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0 0.5 1 1.5 2+ Ventilation -8% Improvement Relative Risk Abdelwahab et al. Aspirin for COVID-19 LATE TREATMENT Is late treatment with aspirin beneficial for COVID-19? Retrospective 67 patients in Egypt Study underpowered to detect differences Abdelwahab et al., Clinical Drug Investigation, doi:10.1007/s40261-021-01061-2 Favors aspirin Favors control
Acetylsalicylic Acid Compared with Enoxaparin for the Prevention of Thrombosis and Mechanical Ventilation in COVID-19 Patients: A Retrospective Cohort Study
Abdelwahab et al., Clinical Drug Investigation, doi:10.1007/s40261-021-01061-2
Abdelwahab et al., Acetylsalicylic Acid Compared with Enoxaparin for the Prevention of Thrombosis and Mechanical Ventilation in.., Clinical Drug Investigation, doi:10.1007/s40261-021-01061-2
Jul 2021   Source   PDF  
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Retrospective 225 hospitalized patients in Egypt, showing significantly lower thromboembolic events with aspirin treatment, but no significant difference in the need for mechanical ventilation.
risk of mechanical ventilation, 7.8% higher, RR 1.08, p = 0.93, treatment 11 of 31 (35.5%), control 6 of 36 (16.7%), adjusted per study, odds ratio converted to relative risk.
Effect extraction follows pre-specified rules prioritizing more serious outcomes. Submit updates
Abdelwahab et al., 30 Jul 2021, retrospective, Egypt, peer-reviewed, 17 authors.
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Abstract: Clinical Drug Investigation (2021) 41:723–732 ORIGINAL RESEARCH ARTICLE Acetylsalicylic Acid Compared with Enoxaparin for the Prevention of Thrombosis and Mechanical Ventilation in COVID‑19 Patients: A Retrospective Cohort Study Heba Wagih Abdelwahab1 · Shaker Wagih Shaltout2 · Hazem A. Sayed Ahmed3 · Ahmed Mahmoud Fouad4 · Eric Merrell5 · Jeffrey B. Riley6 · Rasha Salama4 · Ahmed Gharib Abdelrahman3 · Edward Darling6 · Ghada Fadel11 · Mohamed S. A. Elfar7 · Khaled Sabry8 · Jaffer Shah9 · Hossam Amin10 · Gary F. Nieman11 · Adel Mishriky4 · Hani Aiash3,6,11 Accepted: 6 July 2021 / Published online: 30 July 2021 © The Author(s), under exclusive licence to Springer Nature Switzerland AG 2021 Abstract Background and Objective Low-dose acetylsalicylic acid (ASA, aspirin) is a well-known and frequently studied drug for primary and secondary prevention of disease due to its anti-inflammatory and coagulopathic effects. COVID-19 complications are attributed to the role of thrombo-inflammation. Studies regarding the use of low-dose ASA in COVID-19 are limited. For this reason, we propose that the use of low-dose ASA may have protective effects in COVID-19–related thromboembolism and lung injury. This study was conducted to assess the efficacy of low-dose ASA compared with enoxaparin, an anticoagulant, for the prevention of thrombosis and mechanical ventilation. Methods We conducted a retrospective cohort study on COVID-19-confirmed hospitalized patients at the Mansoura University Quarantine Hospital, outpatients, and home-isolated patients from September to December 2020 in Mansoura governorate, Egypt. Binary logistic regression analysis was used to assess the effect of ASA compared with enoxaparin on thromboembolism, and mechanical ventilation needs. Results This study included 225 COVID-19 patients. Use of ASA-only (81–162 mg orally daily) was significantly associated with reduced thromboembolism (OR 0.163, p = 0.020), but both low-dose ASA and enoxaparin, and enoxaparin-only (0.5 mg/kg subcutaneously (SC) daily as prophylactic dose or 1 mg/kg SC every 12 hours as therapeutic dose) were more protective (odds ratio [OR] 0.010, OR 0.071, respectively, p < 0.001). Neither ASA-only nor enoxaparin-only were associated with a reduction in mechanical ventilation needs. Concomitant use of low-dose ASA and enoxaparin was associated with reduced mechanical ventilation (OR 0.032, 95% CI 0.004–0.226, p = 0.001). Conclusions Low-dose ASA-only use may reduce the incidence of COVID-19-associated thromboembolism, but the reduction may be less than that of enoxaparin-only, and both ASA and enoxaparin. Concomitant use of ASA and enoxaparin demonstrates promising results with regard to the reduction of thrombotic events, and mechanical ventilation needs.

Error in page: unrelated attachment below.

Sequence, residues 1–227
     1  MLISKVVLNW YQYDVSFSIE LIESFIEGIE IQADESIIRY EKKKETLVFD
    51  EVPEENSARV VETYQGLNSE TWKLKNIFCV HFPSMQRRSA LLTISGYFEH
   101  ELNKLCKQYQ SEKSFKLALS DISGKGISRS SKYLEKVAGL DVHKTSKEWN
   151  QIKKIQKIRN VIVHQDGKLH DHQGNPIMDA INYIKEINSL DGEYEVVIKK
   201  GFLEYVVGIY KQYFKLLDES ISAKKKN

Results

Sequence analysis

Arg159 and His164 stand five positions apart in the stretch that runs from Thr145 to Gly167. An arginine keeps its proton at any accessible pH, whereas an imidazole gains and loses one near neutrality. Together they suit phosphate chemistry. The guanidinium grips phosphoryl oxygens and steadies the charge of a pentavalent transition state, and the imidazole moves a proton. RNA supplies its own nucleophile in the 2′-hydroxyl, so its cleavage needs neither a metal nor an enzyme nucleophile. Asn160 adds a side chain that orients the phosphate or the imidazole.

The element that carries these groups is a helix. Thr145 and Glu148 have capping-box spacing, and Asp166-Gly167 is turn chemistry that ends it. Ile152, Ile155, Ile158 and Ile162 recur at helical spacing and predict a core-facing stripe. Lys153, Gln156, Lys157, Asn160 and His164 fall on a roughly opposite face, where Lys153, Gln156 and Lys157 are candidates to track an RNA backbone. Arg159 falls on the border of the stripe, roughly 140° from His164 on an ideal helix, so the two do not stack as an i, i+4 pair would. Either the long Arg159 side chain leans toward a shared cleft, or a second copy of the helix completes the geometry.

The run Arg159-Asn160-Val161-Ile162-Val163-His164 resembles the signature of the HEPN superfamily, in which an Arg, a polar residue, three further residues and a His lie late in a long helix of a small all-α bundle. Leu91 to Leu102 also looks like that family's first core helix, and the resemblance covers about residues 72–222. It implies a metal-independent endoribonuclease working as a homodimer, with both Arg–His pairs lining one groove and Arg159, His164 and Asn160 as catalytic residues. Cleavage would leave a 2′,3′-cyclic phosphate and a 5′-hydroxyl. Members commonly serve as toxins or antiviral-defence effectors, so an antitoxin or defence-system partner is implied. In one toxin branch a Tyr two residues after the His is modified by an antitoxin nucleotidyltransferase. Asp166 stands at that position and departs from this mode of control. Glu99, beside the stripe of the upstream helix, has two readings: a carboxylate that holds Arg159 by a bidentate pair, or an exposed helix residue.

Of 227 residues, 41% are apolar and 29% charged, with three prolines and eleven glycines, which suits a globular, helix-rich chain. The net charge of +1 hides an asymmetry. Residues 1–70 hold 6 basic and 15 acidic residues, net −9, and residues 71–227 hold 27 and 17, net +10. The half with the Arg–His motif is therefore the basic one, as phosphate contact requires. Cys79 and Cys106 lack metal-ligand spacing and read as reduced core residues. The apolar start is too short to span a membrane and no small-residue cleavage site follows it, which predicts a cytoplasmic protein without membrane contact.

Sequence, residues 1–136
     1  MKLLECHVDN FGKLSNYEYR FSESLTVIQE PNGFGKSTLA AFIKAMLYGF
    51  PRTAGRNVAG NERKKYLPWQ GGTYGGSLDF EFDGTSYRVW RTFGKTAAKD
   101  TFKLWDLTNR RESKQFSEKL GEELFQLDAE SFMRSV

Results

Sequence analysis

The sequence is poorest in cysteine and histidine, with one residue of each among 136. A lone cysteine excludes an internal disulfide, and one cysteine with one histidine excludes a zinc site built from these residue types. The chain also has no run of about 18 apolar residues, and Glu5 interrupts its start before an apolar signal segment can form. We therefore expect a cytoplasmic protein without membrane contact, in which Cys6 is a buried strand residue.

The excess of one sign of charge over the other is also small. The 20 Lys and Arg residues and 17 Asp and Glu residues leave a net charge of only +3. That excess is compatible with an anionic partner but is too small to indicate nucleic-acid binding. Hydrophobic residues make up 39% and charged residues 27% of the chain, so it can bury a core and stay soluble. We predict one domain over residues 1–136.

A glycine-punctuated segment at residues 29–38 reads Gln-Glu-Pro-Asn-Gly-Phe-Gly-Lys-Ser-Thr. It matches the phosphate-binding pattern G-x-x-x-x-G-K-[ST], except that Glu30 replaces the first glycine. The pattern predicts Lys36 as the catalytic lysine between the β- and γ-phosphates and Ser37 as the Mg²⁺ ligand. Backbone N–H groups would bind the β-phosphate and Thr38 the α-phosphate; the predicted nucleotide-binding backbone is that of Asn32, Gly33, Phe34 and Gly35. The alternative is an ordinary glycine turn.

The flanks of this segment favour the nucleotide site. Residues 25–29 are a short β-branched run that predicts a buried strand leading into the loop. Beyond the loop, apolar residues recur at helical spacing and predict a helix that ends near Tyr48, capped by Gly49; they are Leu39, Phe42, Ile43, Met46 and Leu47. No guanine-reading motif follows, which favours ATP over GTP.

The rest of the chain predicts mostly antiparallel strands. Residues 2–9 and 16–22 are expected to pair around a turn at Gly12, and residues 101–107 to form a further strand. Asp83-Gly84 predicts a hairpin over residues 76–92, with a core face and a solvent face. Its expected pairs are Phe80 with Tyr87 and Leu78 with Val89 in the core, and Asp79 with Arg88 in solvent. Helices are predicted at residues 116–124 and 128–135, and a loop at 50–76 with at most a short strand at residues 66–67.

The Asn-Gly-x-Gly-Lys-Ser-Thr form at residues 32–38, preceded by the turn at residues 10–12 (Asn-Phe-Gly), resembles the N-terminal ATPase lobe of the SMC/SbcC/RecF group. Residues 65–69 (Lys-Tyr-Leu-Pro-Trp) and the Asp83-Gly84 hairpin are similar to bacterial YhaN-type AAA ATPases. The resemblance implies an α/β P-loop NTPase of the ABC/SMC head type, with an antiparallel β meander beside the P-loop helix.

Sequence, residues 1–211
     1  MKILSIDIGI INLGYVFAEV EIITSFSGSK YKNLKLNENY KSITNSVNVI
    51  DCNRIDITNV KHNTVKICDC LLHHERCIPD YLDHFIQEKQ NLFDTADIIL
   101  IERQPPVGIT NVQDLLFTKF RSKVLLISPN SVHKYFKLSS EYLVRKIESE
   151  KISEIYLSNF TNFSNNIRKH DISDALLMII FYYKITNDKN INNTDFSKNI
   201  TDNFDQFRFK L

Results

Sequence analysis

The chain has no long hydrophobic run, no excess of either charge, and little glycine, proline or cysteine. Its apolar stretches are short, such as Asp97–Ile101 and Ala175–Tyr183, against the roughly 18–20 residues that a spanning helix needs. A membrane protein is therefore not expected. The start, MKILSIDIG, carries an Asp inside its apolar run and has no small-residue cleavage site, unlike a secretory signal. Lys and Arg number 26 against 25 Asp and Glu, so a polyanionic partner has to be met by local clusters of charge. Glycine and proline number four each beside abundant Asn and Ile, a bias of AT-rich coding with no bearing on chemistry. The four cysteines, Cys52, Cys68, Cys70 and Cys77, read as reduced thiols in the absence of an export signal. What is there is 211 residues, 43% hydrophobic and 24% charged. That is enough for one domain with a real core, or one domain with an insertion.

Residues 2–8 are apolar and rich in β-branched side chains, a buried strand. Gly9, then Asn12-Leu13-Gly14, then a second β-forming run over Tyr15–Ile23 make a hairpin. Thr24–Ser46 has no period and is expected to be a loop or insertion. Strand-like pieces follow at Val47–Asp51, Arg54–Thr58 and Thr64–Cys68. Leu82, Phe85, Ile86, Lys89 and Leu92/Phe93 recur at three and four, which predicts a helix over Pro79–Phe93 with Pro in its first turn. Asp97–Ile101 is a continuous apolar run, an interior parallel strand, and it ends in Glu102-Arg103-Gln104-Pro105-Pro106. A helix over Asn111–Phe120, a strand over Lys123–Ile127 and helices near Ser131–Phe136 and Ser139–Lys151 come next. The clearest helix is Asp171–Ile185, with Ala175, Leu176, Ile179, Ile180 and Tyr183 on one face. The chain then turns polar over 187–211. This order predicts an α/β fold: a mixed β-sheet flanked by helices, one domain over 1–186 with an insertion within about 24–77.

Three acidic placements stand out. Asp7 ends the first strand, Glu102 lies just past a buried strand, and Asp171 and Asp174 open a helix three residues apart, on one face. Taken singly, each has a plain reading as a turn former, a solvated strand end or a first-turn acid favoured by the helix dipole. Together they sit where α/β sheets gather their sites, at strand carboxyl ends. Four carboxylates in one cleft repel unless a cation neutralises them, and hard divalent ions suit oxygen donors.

Late treatment
is less effective
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